FOR IMMEDIATE RELEASE|
THURSDAY, SEPTEMBER 30, 2004
TDD (202) 514-1888
JUSTICE DEPARTMENT SUES NEW YORK METROPOLITAN TRANSPORTATION AUTHORITY AND NEW YORK CITY TRANSIT AUTHORITY ALLEGING RELIGIOUS DISCRIMINATION
WASHINGTON, D.C. - The Justice Department today announced the filing of a lawsuit against the New York Metropolitan Transportation Authority (MTA) and the New York City Transit Authority (NYCTA) alleging religious discrimination against Muslim, Sikh, and other employees who wear religious head coverings. The complaint alleges that the MTA and the NYCTA have engaged in a pattern or practice of discrimination against these employees by selectively enforcing their uniform policies and by failing or refusing to reasonably accommodate these employees’ religious practices and beliefs.
“Public employees should not have to sacrifice their religious beliefs to enjoy the same benefits of employment as their coworkers,” said R. Alexander Acosta, Assistant Attorney General for the Civil Rights Division. “While public employers have the authority to set reasonable dress standards, they cannot selectively apply them at the cost of civil rights. We will continue to closely monitor public employers to guard against illegal religious discrimination.”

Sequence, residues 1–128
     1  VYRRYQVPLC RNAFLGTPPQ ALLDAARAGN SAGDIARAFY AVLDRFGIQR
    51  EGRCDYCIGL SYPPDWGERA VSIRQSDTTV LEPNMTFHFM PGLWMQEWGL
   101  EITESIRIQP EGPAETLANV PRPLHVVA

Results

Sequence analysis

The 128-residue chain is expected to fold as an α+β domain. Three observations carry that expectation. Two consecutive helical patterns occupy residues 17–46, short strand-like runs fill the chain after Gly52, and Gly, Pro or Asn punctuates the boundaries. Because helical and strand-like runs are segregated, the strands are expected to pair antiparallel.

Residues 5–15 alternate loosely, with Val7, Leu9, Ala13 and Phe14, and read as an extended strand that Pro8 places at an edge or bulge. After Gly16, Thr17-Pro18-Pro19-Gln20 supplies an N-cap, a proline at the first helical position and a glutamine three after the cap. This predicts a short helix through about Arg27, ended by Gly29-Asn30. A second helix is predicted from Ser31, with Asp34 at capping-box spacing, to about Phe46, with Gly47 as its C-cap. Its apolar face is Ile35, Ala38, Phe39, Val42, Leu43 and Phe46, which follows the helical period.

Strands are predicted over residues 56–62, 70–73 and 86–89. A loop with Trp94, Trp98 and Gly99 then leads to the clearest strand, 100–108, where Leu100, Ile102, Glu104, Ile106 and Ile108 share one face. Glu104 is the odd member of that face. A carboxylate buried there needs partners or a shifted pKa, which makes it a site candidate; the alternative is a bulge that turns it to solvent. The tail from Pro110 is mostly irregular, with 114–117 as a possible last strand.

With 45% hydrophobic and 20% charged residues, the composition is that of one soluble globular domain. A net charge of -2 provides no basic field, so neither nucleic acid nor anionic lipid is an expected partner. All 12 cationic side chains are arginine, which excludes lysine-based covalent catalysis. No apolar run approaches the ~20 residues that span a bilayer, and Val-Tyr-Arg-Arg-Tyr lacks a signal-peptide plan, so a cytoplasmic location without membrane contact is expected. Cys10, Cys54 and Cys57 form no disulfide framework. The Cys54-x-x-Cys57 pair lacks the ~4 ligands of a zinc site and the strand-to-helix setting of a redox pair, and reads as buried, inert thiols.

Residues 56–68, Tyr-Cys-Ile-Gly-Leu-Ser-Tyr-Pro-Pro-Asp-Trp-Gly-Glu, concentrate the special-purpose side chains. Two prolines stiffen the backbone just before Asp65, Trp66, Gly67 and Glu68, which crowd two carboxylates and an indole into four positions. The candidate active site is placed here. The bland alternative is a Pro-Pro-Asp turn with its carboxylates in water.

According to the complaint, in early 2002 the MTA and the NYCTA began enforcing uniform policies against Muslim and Sikh employees who wear headscarves or turbans. The MTA and the NYCTA involuntarily transferred these employees to yard or depot jobs where they would not be seen by or interact with the public. These jobs also provide diminished seniority benefits and fewer overtime opportunities. Prior to 2002, many Muslim and Sikh employees had been wearing their religious head coverings without incident. Other employees have routinely worn non-MTA headwear, such as baseball caps, and the MTA and the NYCTA continue permitting them to do so.
The filing of this lawsuit reflects the Civil Rights Division's ongoing commitment to actively enforce federal employment discrimination laws. This is the fourth lawsuit alleging a systematic pattern or practice of employment discrimination by a public employer filed by the Department this year, and the most such cases filed in a single year since 1997.